Bad press is a fact of life in politics. No matter how squeaky clean a candidate is, his or her opponent will usually hit the candidate – every candidate – with some perceived past indiscretion, view, statement taken out of context or other item intended to raise the candidate’s negatives.
Bad press can arise because of what you did (or didn’t) say or do, or because you hold an unpopular belief about one issue, are in some way different than the electorate, or because of something a friend or family member did or said. Because bad press happens to almost every candidate in almost every election, it is imperative that your campaign be prepared to handle the issues before they come up.
The single best thing your campaign can do to be ready for negative campaigning and bad press when they come up is to prepare before the campaign even begins. As part of the planning process, the candidate should sit down with a select group of trusted advisors to discuss what negative issues may come up during the campaign.
Discuss these negatives openly and honestly, and decide on the best course of action. Should the campaign announce the issue early, to get it out in the open on your own terms? Should you try to quash the issue? Do you need to do more research on the issue specifics?
Once you determine the best course of action for each possible negative issue, determine the campaign’s response to each issue – a well-thought out paragraph or two that explains your side and moves the issue to the background. Even if you decided that the campaign should “sit” on the issue, waiting to see if it comes out in the future, be prepared… devise your response now, before you need it, so that you aren’t forced to strategize in the heat of battle.
Get Out in Front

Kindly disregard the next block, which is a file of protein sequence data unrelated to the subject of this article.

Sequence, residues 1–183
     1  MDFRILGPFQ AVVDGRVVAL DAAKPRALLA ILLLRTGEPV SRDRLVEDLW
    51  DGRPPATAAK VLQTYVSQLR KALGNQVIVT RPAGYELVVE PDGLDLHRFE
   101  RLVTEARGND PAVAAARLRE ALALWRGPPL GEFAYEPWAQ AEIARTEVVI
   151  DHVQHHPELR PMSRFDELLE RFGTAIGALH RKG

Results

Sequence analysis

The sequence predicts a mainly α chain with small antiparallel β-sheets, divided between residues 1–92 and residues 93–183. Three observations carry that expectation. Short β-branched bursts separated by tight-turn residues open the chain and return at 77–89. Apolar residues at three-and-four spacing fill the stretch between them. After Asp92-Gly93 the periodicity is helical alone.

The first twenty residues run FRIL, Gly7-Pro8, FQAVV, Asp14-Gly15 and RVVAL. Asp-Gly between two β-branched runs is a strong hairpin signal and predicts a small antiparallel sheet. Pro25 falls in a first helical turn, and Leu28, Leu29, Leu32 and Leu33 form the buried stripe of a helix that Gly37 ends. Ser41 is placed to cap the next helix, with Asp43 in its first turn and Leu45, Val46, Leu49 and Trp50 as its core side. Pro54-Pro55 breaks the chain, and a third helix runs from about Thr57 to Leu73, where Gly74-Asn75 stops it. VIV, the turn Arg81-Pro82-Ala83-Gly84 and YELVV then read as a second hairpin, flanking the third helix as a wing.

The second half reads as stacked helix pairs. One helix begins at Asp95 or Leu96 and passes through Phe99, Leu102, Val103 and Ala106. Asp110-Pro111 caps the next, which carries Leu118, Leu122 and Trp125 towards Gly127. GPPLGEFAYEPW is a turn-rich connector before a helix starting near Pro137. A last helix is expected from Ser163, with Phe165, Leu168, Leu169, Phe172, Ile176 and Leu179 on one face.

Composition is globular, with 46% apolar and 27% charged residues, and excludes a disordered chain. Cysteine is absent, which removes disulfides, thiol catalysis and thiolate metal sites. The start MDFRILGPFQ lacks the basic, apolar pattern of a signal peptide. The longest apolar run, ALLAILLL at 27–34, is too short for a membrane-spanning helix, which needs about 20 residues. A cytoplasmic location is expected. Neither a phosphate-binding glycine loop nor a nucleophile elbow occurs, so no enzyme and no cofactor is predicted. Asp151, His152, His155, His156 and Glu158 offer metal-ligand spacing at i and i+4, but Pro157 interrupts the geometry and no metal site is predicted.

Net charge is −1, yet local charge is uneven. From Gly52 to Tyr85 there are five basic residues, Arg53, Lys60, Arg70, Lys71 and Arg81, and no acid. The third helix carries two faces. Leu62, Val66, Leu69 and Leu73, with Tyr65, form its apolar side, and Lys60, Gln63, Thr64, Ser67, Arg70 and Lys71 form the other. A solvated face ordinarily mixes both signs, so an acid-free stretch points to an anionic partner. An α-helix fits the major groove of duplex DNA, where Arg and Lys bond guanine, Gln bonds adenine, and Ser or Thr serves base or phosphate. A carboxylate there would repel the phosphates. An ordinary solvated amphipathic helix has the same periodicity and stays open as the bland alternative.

When an issue does come out… either through your opponent’s negative campaigning, a media story, or a campaign slip-up, get out in front of it. Many campaigns make the mistake of hiding from bad press, thinking that it will eventually blow over and they can then get back to the “real campaign.” This strategy rarely works. When bad press strikes, gather your team, review your response, and get out there and address the issue. Deny it, clarify it, admit and explain it… whatever the correct course of action, do it! Don’t sit in the wings waiting for the issue to be forgotten – it rarely is, at least not without doing major damage to your candidate and his or her reputation.
Bring it Back to Your Message
No matter what your response is to the issue at hand – whether you admit a past indiscretion, deny a past statement, or publicly rebuke a wayward friend, once you get through your response, bring it back to your campaign message. No matter the issue, your candidate’s job is to get out in front, explain the issue, and then move everyone – the media, the voters, your opponent – back to the campaign, and back to focusing on your own campaign’s vision and message. Get people back to thinking about the issues that matter, and away from thinking about the negative issue. The sooner you can do that, the sooner you can move away from the bad press and get back to generating positive headlines.
Speaking of dealing with the political press, do you know The #1 Rule for Getting Press Coverage for Your Campaign?